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dc.contributor.authorBowen, Jennifer L.  Concept link
dc.contributor.authorGiblin, Anne E.  Concept link
dc.contributor.authorMurphy, Anna E.  Concept link
dc.contributor.authorBulseco, Ashley N.  Concept link
dc.contributor.authorDeegan, Linda A.  Concept link
dc.contributor.authorJohnson, David S.  Concept link
dc.contributor.authorNelson, James A.  Concept link
dc.contributor.authorMozdzer, Thomas J.  Concept link
dc.contributor.authorSullivan, Hillary L.  Concept link
dc.date.accessioned2021-03-16T15:37:31Z
dc.date.available2021-03-16T15:37:31Z
dc.date.issued2020-12-09
dc.identifier.citationBowen, J. L., Giblin, A. E., Murphy, A. E., Bulseco, A. N., Deegan, L. A., Johnson, D. S., Nelson, J. A., Mozdzer, T. J., & Sullivan, H. L. (2020). Not all nitrogen is created equal: differential effects of nitrate and ammonium enrichment in coastal wetlands. Bioscience, 70(12), 1108-1119.en_US
dc.identifier.urihttps://hdl.handle.net/1912/26809
dc.description© The Author(s), 2020. This article is distributed under the terms of the Creative Commons Attribution License. The definitive version was published in Bowen, J. L., Giblin, A. E., Murphy, A. E., Bulseco, A. N., Deegan, L. A., Johnson, D. S., Nelson, J. A., Mozdzer, T. J., & Sullivan, H. L. Not all nitrogen is created equal: differential effects of nitrate and ammonium enrichment in coastal wetlands. Bioscience, 70(12), (2020): 1108-1119, doi:10.1093/biosci/biaa140.en_US
dc.description.abstractExcess reactive nitrogen (N) flows from agricultural, suburban, and urban systems to coasts, where it causes eutrophication. Coastal wetlands take up some of this N, thereby ameliorating the impacts on nearshore waters. Although the consequences of N on coastal wetlands have been extensively studied, the effect of the specific form of N is not often considered. Both oxidized N forms (nitrate, NO3−) and reduced forms (ammonium, NH4+) can relieve nutrient limitation and increase primary production. However, unlike NH4+, NO3− can also be used as an electron acceptor for microbial respiration. We present results demonstrating that, in salt marshes, microbes use NO3− to support organic matter decomposition and primary production is less stimulated than when enriched with reduced N. Understanding how different forms of N mediate the balance between primary production and decomposition is essential for managing coastal wetlands as N enrichment and sea level rise continue to assail our coasts.en_US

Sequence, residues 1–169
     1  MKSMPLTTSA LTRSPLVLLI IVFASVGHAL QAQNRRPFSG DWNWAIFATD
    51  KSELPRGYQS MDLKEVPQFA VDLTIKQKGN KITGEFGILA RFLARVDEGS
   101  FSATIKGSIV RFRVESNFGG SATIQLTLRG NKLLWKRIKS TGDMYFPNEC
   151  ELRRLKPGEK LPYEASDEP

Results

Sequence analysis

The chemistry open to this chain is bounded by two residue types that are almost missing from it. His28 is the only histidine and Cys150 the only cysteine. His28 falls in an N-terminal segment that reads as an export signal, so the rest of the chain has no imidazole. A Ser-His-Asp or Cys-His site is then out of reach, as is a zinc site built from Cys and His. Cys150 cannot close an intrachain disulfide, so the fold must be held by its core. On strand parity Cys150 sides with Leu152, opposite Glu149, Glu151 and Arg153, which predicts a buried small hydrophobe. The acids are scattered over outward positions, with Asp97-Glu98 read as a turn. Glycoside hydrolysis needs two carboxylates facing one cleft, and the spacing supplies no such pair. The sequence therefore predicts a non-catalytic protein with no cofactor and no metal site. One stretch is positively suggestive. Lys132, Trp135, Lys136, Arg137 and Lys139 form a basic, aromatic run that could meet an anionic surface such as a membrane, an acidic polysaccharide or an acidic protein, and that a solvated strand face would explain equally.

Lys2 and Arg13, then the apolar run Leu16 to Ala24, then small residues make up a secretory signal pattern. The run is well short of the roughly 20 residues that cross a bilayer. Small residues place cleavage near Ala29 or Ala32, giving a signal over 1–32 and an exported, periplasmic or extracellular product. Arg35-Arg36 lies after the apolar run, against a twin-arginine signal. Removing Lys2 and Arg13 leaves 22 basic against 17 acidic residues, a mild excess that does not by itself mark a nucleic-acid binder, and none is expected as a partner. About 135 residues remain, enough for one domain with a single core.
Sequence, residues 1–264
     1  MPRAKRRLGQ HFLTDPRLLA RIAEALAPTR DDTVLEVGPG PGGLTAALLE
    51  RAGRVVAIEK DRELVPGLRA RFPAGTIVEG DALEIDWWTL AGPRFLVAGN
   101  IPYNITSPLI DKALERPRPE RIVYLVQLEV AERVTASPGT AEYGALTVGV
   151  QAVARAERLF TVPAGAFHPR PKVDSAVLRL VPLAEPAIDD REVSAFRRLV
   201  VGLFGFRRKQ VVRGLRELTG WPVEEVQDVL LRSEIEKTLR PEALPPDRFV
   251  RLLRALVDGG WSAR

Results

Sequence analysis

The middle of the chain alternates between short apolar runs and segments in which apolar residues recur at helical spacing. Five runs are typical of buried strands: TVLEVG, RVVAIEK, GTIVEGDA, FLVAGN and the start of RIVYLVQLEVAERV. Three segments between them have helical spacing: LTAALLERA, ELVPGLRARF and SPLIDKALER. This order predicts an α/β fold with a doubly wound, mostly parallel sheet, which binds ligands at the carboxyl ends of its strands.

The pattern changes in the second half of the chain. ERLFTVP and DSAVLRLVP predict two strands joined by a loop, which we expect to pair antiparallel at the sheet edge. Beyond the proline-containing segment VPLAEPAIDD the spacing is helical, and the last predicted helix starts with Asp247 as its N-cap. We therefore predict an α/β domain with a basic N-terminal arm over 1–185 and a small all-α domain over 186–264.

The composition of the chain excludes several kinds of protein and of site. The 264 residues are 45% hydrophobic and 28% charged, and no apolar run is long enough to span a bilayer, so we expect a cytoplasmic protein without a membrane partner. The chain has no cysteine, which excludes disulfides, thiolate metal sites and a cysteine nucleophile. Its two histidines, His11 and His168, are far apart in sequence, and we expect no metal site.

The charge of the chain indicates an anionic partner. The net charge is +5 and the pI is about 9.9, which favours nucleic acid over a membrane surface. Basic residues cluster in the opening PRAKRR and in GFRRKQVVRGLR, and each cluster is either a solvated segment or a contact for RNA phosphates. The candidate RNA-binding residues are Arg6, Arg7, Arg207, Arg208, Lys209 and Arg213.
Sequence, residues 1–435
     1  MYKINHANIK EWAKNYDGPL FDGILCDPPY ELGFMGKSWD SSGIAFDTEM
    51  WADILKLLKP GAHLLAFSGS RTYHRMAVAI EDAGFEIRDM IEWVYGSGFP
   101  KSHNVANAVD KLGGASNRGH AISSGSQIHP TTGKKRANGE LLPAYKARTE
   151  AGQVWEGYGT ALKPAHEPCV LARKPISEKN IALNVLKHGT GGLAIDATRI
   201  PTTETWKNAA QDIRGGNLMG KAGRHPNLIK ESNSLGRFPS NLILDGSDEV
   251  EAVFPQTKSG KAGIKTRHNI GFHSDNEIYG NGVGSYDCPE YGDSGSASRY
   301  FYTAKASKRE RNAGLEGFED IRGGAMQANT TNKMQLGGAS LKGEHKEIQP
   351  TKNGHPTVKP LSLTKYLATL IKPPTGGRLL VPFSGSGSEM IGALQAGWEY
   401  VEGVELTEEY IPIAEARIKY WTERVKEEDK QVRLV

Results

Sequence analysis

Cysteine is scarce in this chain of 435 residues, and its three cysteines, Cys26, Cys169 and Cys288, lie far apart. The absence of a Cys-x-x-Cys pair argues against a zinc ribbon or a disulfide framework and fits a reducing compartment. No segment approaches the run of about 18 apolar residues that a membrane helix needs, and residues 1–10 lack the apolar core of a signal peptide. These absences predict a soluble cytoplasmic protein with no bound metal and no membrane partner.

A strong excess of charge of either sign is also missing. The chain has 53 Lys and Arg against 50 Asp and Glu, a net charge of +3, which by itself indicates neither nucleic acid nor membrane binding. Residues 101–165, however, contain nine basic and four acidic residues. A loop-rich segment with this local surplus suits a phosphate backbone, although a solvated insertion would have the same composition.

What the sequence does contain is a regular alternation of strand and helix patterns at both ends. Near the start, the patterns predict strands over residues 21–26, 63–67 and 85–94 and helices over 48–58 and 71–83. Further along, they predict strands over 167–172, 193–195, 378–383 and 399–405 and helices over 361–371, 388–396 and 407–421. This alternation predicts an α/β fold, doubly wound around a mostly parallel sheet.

dc.description.sponsorshipThis work was supported by the following funding sources: National Science Foundation (NSF) grant no. DEB 1902712 to LAD, JLB, DSJ, and TJM; NSF grant no. DEB 1902695 to AEG; NSF grant no. DEB 1902704 to JAN; NSF grant no. DEB 1354214 to TJM; NSF grant no. DEB 1350491 to JLB; NSF grant no. OCE 1637630 to AEG and LAD; and additional funding from the Dorr Foundation, the Department of the Interior Northeast Climate Science Center (grant no. DOI G12AC00001), and a Bullard Fellowship (Harvard University) to LAD and from the National Academies of Science, Medicine, and Engineering Gulf Research Program to JAN. Resources purchased with funds from the NSF Biological Field Stations and Marine Laboratories program (grant no. DBI 1722553, to Northeastern University) were used to generate the data for the manuscript. Initial conversations on the effects of nutrient enrichment in marshes with Scott Warren and Bruce Peterson were critical in informing the work described in the manuscript. Sam Kelsey and Jane Tucker contributed to much of the N cycling biogeochemistry; Caitlin Bauer, Frankie Leach, Paige Weber, Emily Geoghegan and Sophie Drew assisted with field work; and Joe Vineis assisted with metagenomic analysis. This is contribution 3941 from the Virginia Institute of Marine Science. The data were compiled from multiple published sources. Links to published data can be found here: https://pie-lter.ecosystems.mbl.edu/data. The sequence data used to derive figure 6 are publicly available on the MG-RAST website under project number mgp84173.en_US
dc.publisherOxford University Pressen_US
dc.relation.urihttps://doi.org/10.1093/biosci/biaa140
dc.rightsAttribution-NonCommercial 4.0 International*
dc.rights.urihttp://creativecommons.org/licenses/by-nc/4.0/*
dc.titleNot all nitrogen is created equal: differential effects of nitrate and ammonium enrichment in coastal wetlandsen_US
dc.typeArticleen_US
dc.identifier.doi10.1093/biosci/biaa140


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Except where otherwise noted, this item's license is described as Attribution-NonCommercial 4.0 International